In Kerala, a people’s movement brings back to life dead river Varattar
A panel formed at the local level to chart an action plan, where members cutting across political affiliations joined hands to revive a 9 km-long dead river Varattar in Kerala
Bengaluru: In a corner of Kerala, efforts to revive a 9 km-long dead river came to a full circle last week, thanks to a massive people’s movement with the blessings of the state government.
Varattar, a perennial freshwater source linking two rivers in Alappuzha and Pathanamthitta districts, used to carry racing boats and cargo once. But the river has been dead for many years.
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The demise reportedly caused by large scale sand mining and encroachment, coupled with deficient rainfall over the years. The result: perennial water shortage in the area.
But when Kerala was hit by the century’s worst drought this year, it triggered a discussion on its possible revival and the need for water harvest initiatives.
A committee was formed at the local level to chart an action plan, where members cutting across political affiliations joined hands. The locals decided to make it into a people’s movement and mobilized money and resources solely from individual contributions. The government backed them up with ministers chipping in money from their pockets.
By the end of the funding drive, they had collected about Rs10 lakh, which was enough to meet the expense on daily wages and renting out earth movers, according to local panchayat president Annapoorna Devi.
On 8 June, Devi emptied a pot of water brought from the river Pamba, one of the two rivers that were once connected to Varattar, into the dead river, symbolically marking the start of the work required to make it breathe again.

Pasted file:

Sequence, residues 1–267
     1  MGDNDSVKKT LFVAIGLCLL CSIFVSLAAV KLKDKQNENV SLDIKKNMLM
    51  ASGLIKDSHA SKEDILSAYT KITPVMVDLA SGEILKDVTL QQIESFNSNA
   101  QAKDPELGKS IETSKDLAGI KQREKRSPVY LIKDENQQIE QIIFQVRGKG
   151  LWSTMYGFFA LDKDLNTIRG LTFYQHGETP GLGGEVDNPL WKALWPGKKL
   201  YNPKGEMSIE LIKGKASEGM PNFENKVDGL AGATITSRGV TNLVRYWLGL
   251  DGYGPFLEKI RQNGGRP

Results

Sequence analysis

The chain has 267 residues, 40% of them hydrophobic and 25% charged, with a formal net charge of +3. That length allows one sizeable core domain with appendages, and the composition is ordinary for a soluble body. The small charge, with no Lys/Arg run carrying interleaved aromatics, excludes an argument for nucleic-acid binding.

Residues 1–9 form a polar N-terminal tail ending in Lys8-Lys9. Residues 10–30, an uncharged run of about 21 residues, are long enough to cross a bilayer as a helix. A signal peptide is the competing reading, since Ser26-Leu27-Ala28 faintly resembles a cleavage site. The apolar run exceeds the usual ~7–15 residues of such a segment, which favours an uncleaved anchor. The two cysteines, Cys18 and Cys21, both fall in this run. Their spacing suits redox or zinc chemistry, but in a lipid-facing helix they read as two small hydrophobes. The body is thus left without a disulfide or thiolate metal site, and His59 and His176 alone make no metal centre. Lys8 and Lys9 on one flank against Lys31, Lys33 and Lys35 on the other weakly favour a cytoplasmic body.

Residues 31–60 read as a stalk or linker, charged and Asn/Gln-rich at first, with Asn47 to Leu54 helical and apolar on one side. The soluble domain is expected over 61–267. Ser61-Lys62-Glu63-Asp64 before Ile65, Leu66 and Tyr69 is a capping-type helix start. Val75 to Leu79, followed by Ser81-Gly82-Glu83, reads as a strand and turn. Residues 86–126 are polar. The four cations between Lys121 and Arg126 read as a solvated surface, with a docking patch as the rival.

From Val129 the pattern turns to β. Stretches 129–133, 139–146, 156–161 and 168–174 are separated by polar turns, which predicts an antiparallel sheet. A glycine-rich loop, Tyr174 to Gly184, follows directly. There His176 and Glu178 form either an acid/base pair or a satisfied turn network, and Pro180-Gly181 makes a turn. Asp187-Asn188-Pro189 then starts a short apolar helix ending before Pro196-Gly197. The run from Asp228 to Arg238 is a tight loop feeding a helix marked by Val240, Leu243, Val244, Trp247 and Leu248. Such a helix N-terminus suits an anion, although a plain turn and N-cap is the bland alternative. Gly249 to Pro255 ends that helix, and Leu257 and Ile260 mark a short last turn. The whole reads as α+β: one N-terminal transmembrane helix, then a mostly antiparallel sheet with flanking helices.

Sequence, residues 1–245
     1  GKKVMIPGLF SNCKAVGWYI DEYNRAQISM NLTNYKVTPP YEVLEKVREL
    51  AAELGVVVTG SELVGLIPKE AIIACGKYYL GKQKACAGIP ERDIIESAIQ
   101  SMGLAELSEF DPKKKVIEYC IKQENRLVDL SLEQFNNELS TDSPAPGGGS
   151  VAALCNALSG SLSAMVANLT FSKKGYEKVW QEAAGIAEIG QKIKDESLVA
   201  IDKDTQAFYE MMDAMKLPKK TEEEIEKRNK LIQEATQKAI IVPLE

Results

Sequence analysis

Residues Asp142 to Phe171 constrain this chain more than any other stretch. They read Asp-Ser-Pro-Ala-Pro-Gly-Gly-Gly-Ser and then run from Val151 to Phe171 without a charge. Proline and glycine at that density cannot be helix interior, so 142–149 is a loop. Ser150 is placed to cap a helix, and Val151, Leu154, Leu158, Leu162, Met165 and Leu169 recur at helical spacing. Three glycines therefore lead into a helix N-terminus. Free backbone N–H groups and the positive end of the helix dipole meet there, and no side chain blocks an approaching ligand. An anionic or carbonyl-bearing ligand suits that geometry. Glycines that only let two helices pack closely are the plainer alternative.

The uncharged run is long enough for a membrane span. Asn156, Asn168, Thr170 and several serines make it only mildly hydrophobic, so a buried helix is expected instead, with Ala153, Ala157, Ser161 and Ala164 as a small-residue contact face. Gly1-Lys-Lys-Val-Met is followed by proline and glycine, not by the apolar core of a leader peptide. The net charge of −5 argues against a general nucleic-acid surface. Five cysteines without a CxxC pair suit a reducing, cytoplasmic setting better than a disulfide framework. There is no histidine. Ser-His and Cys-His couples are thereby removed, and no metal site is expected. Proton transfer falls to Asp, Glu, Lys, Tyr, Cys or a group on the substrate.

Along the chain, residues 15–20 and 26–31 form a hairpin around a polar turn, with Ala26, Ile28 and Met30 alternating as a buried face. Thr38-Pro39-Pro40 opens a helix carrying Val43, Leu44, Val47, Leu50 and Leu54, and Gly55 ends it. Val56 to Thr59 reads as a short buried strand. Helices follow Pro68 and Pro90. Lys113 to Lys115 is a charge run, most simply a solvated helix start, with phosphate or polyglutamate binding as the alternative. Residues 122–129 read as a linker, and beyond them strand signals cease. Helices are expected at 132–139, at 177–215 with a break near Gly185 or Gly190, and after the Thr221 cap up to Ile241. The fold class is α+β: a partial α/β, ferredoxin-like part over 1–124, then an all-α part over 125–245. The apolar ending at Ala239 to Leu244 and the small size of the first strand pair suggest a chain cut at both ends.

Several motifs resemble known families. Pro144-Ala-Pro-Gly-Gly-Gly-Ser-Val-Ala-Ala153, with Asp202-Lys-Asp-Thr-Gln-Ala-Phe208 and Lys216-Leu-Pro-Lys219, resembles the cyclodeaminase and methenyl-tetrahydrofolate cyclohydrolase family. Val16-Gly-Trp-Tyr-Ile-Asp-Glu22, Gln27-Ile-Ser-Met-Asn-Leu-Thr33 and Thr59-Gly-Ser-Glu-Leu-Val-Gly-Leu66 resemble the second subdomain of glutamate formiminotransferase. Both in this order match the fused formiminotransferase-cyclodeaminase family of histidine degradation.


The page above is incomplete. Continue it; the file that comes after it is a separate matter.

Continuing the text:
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On Tuesday, the river was flowing well beyond what was expected with the onset of monsoon, as large groups of villagers stood on its banks for a review meeting of the campaign, The Hindu reported.
“The initial plan was to create a small channel between the two rivers Varattar bridged once and infuse water into the dead river. This required clearing up of sedimentary structures, weeds, garbage piles and so on. But people were so enthusiastic that they widened the width of it in several places,” said finance minister Thomas Isaac, one of the forces behind the projects.
The government is now thinking of taking the initiative to the next level by taking precautionary steps against losing the river again. Isaac said the region will be converted into a biodiversity zone, and the government will make budgetary provisions to plant trees and construct footpaths across the river bank. Reviving paddy cultivation along the area and tourism opportunities will also be looked at, he said.
“What was considered as impossible has been made possible by sheer will and public support... The rejuvenation is a prime example of people cutting across party lines coming together for the welfare of the state,” chief minister Pinarayi Vijayan wrote on his official Facebook page on Monday.